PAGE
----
Should States Get In On This "Move Your Money" Idea?

If you read the Huffington Post at all, you've no doubt read about this "Move Your Money" notion they've been pushing. ...
by | February 1, 2010

If you read the Huffington Post at all, you've no doubt read about this "Move Your Money" notion they've been pushing. Since New Year's Day, the lefty news site has been trumpeting this "New Year's Resolution" that you should take your money out of national chain banks and put it into local banks.

The Post says it's a way to send a message to the too-big-to-fail national banks who received bailout money and inject some much-needed cash into the nation's smaller community banks.

Treasury Secretary Timothy Geithner says he doesn't think it's a good idea. While he told Politico that he understands the anger and agrees with the basic principle that "people are right to expect more" from their banks, he didn't elaborate on why he thinks "Move Your Money" is a bad plan.

But at least one state legislator thinks it's an idea worth pursuing. New Mexico state representative Brian Egolf has introduced a bill to move the state's money out of Bank of America and into New Mexico banks. From the Huffington Post:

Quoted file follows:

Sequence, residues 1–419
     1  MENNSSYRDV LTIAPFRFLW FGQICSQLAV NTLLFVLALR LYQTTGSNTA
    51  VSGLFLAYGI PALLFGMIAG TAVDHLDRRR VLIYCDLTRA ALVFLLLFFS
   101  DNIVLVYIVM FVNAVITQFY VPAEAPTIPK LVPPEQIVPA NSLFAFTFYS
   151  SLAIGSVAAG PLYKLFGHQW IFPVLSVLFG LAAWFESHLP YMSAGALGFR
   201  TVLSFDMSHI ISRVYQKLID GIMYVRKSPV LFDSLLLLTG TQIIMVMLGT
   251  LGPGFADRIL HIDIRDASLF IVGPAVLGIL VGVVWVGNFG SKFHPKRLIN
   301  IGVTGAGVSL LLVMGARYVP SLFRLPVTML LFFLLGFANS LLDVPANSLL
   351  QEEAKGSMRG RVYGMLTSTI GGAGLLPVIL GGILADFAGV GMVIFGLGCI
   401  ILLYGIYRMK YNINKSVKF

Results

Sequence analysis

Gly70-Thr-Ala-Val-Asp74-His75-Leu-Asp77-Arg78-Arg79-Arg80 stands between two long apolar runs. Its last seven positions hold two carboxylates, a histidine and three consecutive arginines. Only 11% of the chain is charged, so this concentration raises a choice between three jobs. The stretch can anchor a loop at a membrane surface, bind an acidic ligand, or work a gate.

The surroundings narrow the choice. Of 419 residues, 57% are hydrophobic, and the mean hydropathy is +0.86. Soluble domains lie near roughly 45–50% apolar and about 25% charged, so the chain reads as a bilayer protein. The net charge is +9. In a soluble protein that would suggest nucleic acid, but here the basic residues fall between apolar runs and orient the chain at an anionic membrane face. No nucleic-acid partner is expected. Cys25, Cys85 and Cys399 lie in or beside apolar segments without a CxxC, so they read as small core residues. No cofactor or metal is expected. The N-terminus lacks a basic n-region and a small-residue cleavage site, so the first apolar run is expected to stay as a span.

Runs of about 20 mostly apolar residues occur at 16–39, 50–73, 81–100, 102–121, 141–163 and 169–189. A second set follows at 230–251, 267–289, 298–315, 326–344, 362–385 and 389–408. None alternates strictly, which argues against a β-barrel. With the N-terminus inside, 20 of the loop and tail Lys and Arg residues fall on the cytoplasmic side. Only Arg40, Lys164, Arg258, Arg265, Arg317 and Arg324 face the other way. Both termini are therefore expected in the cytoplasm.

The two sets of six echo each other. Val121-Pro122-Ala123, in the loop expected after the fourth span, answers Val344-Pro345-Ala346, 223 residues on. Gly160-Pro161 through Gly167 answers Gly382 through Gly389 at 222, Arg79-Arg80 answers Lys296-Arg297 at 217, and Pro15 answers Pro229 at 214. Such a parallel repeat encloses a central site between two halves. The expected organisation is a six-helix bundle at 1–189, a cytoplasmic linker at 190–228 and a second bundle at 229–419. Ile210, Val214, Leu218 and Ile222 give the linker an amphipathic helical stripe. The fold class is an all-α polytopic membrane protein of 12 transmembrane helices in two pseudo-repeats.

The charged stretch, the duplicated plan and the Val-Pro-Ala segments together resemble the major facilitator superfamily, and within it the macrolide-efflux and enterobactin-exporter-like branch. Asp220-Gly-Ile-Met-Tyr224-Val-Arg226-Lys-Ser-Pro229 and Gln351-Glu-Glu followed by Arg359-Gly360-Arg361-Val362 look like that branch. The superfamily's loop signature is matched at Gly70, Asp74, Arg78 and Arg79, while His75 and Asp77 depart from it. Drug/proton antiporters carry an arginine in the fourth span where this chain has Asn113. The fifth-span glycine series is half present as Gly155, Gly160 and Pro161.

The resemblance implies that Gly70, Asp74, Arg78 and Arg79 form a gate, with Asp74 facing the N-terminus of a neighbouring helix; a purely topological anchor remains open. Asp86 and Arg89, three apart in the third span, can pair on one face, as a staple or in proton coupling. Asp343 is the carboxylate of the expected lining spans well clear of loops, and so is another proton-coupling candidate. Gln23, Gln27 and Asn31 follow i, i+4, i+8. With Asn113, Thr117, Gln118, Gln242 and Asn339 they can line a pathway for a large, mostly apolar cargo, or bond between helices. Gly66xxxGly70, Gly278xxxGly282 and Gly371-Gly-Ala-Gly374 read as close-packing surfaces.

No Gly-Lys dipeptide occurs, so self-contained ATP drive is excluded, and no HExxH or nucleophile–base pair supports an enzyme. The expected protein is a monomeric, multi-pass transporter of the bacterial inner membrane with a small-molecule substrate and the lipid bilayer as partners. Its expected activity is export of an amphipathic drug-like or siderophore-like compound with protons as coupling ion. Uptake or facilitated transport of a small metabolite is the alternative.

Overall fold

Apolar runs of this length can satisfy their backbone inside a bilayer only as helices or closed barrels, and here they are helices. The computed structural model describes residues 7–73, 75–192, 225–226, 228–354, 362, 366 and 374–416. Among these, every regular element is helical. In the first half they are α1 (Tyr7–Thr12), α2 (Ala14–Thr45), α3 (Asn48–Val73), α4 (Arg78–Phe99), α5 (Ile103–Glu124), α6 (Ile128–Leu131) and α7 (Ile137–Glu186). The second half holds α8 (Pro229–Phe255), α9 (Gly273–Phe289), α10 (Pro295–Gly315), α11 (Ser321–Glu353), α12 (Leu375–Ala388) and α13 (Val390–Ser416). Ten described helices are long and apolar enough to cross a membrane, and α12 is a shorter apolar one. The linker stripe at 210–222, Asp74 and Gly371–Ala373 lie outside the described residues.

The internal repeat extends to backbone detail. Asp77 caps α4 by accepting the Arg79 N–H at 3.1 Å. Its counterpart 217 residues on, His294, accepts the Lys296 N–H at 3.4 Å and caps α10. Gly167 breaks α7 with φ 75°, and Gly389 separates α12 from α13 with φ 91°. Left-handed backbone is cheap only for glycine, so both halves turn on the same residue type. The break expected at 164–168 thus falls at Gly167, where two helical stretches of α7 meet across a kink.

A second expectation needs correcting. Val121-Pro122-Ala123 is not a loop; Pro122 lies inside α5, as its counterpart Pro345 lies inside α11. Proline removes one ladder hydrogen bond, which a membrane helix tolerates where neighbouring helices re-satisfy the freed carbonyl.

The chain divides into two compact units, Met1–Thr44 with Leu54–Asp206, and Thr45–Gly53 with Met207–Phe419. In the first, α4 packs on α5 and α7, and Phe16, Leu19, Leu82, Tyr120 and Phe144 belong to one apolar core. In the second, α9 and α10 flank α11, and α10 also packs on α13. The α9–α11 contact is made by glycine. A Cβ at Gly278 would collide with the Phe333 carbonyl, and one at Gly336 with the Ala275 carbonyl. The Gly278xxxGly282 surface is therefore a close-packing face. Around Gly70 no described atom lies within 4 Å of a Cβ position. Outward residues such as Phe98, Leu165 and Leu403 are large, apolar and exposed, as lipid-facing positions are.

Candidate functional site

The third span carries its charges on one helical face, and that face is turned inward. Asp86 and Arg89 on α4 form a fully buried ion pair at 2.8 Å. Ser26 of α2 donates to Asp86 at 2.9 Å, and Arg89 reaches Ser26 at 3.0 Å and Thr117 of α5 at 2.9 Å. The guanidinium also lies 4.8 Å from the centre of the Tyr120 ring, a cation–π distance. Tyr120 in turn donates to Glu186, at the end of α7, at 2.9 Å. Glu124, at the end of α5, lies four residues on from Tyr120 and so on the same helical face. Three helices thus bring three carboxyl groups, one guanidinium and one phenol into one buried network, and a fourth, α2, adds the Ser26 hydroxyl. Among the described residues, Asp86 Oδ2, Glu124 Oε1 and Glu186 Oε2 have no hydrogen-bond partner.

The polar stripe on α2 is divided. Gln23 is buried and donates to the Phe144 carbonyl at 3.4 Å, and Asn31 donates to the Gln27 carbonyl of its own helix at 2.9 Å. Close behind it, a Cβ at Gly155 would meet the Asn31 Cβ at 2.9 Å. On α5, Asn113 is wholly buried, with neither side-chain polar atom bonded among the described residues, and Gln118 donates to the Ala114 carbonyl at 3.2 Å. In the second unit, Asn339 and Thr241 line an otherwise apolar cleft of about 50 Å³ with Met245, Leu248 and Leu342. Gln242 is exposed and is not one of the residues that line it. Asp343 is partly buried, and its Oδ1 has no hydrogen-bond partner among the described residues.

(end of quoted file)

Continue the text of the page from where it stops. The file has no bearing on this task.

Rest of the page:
"I saw the Move Your Money video the day it came out and thought it made a lot of sense," Egolf told HuffPost.

So the Santa Fe Democrat wants to move as much money as he possibly can -- that would be $1.4 billion.

Egolf's bill would direct the New Mexico Department of Finance and Administration to "give a preference to a community bank to act as the fiscal agent of the general fund operating cash depository account."

Egolf says he hasn't heard any opposition and has even met with Gov. Bill Richardson to discuss the plan.

Obviously, this is similar to the move we've seen in states to divest pension founds from companies that do business with countries such as Iran and Darfur. But somehow this feels...different. Is it smart for governments to put all their savings into institutions that aren't too big to fail? 

What do you think?  Should states and cities jump on this idea?  Or are citizens better served by keeping this money where it is?

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